Clinical trial of traditional Chinese medicine for the treatment of male infertility

Traditional Chinese Medicine (TCM) researcher Jann Mehmet knows the effectiveness of acupuncture and Chinese herbal medicine in treating male infertility. Now she is putting her observations to the test in a formal clinical trial of the benefits of TCM, the first time such a study has been conducted in Australia - or overseas.

The randomised clinical trial on male sub fertility is being conducted as part of Ms Mehmet's Master of Science research degree in the College of Traditional Chinese Medicine in the UTS Faculty of Science. She has begun recruiting subjects for the study, which will commence on 3 July.

Ms Mehmet, who is Director of the Rozelle Acupuncture and Chinese Medicine Centre, said in that 16 years of clinical practice she has seen excellent results treating men with fertility problems, results backed up by studies in IVF clinics overseas. However, scientific validation was needed to encourage greater acceptance of the benefits of complementary medicine.

"In 1997 after nearly 10 years work with women experiencing infertility I decided to research male infertility in detail," she said. "I found that on many occasions, in as little as six weeks after acupuncture and Chinese herbal medicine, significant improvements in semen parameters could be verified by a semen analysis."

"A 2003 retrospective study on 9,000 treatments I gave over three years showed me that 45 per cent of sub fertile couples presenting at my clinic had been medically diagnosed with an 'unknown' cause of infertility. My further assessment found that 50 per cent of this group experienced sub fertility as a result of a male factor that had been poorly diagnosed and not thoroughly investigated.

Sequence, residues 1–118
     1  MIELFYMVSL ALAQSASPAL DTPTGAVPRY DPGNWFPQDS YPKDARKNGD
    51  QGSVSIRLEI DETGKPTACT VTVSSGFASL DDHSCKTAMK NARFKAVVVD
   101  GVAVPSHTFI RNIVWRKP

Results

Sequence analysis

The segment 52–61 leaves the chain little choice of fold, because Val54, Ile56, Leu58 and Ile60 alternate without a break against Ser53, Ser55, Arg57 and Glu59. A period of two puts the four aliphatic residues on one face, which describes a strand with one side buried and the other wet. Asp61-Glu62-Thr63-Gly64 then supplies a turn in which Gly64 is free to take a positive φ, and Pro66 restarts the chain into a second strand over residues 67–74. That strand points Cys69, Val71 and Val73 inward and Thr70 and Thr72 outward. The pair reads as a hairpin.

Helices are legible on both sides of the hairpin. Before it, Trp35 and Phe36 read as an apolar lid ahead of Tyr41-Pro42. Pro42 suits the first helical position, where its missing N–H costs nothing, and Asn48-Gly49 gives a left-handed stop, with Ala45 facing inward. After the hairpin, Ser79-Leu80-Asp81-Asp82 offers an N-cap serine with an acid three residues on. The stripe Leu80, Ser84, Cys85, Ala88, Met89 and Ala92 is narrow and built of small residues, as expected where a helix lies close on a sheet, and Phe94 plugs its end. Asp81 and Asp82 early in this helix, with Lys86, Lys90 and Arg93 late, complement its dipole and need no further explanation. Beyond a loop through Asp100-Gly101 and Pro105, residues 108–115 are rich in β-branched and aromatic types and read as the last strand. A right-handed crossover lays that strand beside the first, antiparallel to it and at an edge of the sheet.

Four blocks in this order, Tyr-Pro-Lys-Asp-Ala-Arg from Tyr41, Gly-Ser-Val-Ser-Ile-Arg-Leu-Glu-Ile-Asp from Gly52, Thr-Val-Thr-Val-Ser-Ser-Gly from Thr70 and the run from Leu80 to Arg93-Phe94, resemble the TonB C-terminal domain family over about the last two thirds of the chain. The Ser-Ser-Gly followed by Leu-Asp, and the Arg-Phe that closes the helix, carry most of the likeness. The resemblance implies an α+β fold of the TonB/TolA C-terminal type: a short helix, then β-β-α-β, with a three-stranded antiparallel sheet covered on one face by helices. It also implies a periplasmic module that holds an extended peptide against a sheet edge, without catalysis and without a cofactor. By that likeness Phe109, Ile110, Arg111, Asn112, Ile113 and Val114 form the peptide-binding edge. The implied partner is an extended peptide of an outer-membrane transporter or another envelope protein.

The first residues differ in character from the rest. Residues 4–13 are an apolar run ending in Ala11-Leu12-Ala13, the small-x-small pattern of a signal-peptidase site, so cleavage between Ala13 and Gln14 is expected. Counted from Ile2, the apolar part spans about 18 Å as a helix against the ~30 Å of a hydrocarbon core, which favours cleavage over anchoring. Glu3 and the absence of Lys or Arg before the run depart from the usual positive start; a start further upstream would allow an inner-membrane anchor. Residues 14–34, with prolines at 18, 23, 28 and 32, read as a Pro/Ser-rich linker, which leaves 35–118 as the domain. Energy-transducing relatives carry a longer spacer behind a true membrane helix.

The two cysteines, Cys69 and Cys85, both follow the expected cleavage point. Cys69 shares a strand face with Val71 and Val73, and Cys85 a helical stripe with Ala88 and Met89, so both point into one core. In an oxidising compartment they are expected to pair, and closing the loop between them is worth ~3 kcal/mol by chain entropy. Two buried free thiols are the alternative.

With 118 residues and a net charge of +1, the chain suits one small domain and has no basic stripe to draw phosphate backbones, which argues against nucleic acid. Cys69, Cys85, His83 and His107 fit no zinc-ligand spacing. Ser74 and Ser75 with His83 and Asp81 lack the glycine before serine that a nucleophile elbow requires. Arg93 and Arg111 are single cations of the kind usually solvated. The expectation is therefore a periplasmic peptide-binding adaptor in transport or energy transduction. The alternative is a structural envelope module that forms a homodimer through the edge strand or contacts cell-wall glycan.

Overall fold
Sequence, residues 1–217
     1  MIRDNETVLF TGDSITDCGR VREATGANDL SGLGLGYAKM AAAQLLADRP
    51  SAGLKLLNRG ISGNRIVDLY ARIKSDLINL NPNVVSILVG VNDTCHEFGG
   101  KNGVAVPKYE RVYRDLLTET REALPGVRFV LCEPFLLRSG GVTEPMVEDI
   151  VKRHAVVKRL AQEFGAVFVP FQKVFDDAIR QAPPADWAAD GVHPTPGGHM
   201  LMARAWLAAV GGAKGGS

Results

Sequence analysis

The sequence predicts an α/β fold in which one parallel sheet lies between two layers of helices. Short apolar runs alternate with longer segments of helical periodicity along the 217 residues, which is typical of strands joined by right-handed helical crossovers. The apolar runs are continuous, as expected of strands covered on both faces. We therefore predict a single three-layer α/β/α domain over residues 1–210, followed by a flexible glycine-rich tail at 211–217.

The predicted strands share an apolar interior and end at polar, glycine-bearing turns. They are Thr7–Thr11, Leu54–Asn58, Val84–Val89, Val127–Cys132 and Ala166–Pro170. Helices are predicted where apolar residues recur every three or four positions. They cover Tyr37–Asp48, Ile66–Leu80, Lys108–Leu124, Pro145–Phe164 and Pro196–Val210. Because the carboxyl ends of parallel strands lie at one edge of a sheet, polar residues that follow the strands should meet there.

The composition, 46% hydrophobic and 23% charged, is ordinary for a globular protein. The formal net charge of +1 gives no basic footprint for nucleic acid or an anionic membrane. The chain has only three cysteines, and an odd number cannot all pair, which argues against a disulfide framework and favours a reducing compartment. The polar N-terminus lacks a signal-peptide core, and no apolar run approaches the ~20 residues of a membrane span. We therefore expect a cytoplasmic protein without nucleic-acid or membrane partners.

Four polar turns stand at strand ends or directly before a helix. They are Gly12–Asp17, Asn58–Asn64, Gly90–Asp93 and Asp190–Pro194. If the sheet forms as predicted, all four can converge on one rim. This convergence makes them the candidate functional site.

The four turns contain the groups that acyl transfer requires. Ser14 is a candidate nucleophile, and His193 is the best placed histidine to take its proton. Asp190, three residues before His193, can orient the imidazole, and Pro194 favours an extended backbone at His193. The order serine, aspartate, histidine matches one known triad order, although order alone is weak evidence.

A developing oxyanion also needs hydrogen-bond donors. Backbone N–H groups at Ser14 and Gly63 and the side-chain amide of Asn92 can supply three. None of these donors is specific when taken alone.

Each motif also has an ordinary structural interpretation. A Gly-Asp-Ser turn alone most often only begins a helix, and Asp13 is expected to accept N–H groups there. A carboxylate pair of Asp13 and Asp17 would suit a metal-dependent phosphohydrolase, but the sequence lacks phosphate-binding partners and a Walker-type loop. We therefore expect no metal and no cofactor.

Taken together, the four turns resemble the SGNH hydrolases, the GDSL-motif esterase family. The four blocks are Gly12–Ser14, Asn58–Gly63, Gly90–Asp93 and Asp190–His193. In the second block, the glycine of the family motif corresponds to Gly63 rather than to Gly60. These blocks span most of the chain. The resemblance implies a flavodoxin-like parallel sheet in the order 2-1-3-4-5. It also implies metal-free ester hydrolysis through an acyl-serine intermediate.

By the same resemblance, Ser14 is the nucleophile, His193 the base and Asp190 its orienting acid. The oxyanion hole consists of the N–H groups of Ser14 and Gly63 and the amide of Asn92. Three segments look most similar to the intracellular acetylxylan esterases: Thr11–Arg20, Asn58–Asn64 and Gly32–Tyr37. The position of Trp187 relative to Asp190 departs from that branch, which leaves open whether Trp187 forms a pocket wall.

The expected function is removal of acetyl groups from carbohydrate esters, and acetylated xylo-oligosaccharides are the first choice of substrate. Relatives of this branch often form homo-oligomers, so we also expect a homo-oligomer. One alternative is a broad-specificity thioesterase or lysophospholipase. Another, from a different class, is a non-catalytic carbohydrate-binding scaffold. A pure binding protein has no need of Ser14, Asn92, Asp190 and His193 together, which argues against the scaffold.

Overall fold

"Couples who have trouble conceiving typically look to IVF programs for help, often without a thorough investigation of the man. IVF programs bypass male fertility problems.

"There's more to this than fertility however, sperm analysis is a good way of showing a man's general health. High levels of abnormal sperm are often an indicator and warning sign of general health problems, including environmental poisoning. Men who have a high level of abnormal sperm are at a greater risk of developing testicular cancer.

"The clinical trial will evaluate whether acupuncture and Chinese herbal medicine can improve sperm count and reduce sperm abnormalities, determining what may be reversible sperm damage and provide an opportunity for men to understand the causes of their sub fertility."

The trial will use World Health Organisation semen analysis criteria to test the semen samples before and after treatment.

Forty men with fertility problems will be selected for the study, with 20 randomly selected into a control group and 20 into an experimental group. The experimental group will undergo free TCM treatment over 10 weeks. The control group will receive free treatment after a 10-week wait period.

Semen samples from both groups will be provided before the trial and at the end of the 10 weeks. The source group of samples will not be identified to the analyst.

"Treatments will involve acupuncture and Chinese herbal medicine, dietary advice and lifestyle recommendations tailored to individual needs," Ms Mehmet said. "The aim will be to strongly improve all sub fertile semen parameters, but there will be other potential benefits for general health, reduced stress and increased libido." http://www.uts.edu.au

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